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For Day Two of Invisible Illness Awareness Week, I will be reblogging my friend Joe. I have addressed how wonderful it is to have people who have stuck by me as I have worked to gain a sense of normalcy after becoming disabled with MCS almost two years ago. Indeed, Joe was my friend when I had mild MCS. It is easy to be someone’s friend when the friendship involves going out to dinner or traveling or getting together at a party. But I have found that friendship is when all the good stuff goes away and people are still standing there willing to turn their lives upside down to keep you in their lives.

The “invisible” part of IIAW generally refers to the symptoms of an II being invisible to the average person. However, to me, the more painful part of the word “invisible” is what happens when someone hasn’t heard of MCS or doesn’t understand how everyday products can make one sick or that the government would legally allow this to happen or that something that smells good can disable a person. No the most painful part of “invisible” to me is when the phone stopped ringing and the emails didn’t show up and people decided it was too much work to switch from scented products to non-scented products to remain in my life.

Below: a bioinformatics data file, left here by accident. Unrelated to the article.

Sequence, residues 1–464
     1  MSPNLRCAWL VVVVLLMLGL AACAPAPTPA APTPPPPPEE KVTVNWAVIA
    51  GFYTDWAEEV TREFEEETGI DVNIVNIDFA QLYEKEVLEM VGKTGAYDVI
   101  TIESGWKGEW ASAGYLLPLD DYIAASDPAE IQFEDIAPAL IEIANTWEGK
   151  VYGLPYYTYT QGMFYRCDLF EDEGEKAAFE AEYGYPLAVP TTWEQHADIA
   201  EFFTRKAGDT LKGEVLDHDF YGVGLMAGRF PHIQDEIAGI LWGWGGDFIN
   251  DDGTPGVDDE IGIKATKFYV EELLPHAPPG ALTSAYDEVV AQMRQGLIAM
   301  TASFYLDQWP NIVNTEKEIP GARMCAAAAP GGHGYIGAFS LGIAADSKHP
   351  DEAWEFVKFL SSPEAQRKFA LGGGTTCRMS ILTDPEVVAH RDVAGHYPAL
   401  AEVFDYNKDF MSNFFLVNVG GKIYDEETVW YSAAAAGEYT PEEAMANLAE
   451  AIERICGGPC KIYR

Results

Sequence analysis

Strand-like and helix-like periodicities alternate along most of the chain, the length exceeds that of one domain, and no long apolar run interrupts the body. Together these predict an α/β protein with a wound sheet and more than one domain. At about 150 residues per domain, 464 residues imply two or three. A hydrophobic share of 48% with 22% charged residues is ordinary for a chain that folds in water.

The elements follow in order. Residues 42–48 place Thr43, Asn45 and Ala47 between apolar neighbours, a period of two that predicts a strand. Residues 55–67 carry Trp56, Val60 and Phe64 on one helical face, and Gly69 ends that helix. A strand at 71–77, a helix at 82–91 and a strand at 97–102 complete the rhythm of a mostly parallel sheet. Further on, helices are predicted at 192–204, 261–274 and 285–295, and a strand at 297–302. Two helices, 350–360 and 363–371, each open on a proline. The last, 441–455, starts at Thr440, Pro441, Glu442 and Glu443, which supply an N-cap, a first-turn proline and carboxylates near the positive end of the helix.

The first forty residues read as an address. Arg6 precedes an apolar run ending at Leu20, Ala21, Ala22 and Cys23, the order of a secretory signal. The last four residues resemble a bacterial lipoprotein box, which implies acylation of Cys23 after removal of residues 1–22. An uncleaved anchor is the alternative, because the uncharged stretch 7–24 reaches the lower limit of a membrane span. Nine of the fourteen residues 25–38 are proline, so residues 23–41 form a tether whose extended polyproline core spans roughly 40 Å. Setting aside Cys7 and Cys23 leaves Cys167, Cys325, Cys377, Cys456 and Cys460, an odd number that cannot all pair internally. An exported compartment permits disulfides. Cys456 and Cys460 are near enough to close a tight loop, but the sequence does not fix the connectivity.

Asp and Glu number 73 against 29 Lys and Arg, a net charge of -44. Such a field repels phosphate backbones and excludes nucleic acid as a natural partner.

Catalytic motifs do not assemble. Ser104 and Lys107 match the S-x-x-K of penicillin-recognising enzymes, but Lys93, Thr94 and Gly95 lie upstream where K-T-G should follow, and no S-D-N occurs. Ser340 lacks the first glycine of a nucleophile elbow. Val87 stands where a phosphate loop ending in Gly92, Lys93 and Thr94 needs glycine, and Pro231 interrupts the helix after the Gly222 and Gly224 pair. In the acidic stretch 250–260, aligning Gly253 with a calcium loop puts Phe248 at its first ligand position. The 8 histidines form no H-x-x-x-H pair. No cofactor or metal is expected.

The greatest gift a friend can give is TO BE THERE. So here is the link to Joe’s Journey having a friend with MCS.

Thank you to Joe and every friend and caregiver — who has dug deep to stick by someone with an Invisible Illness — you have proven that real love is indestructible.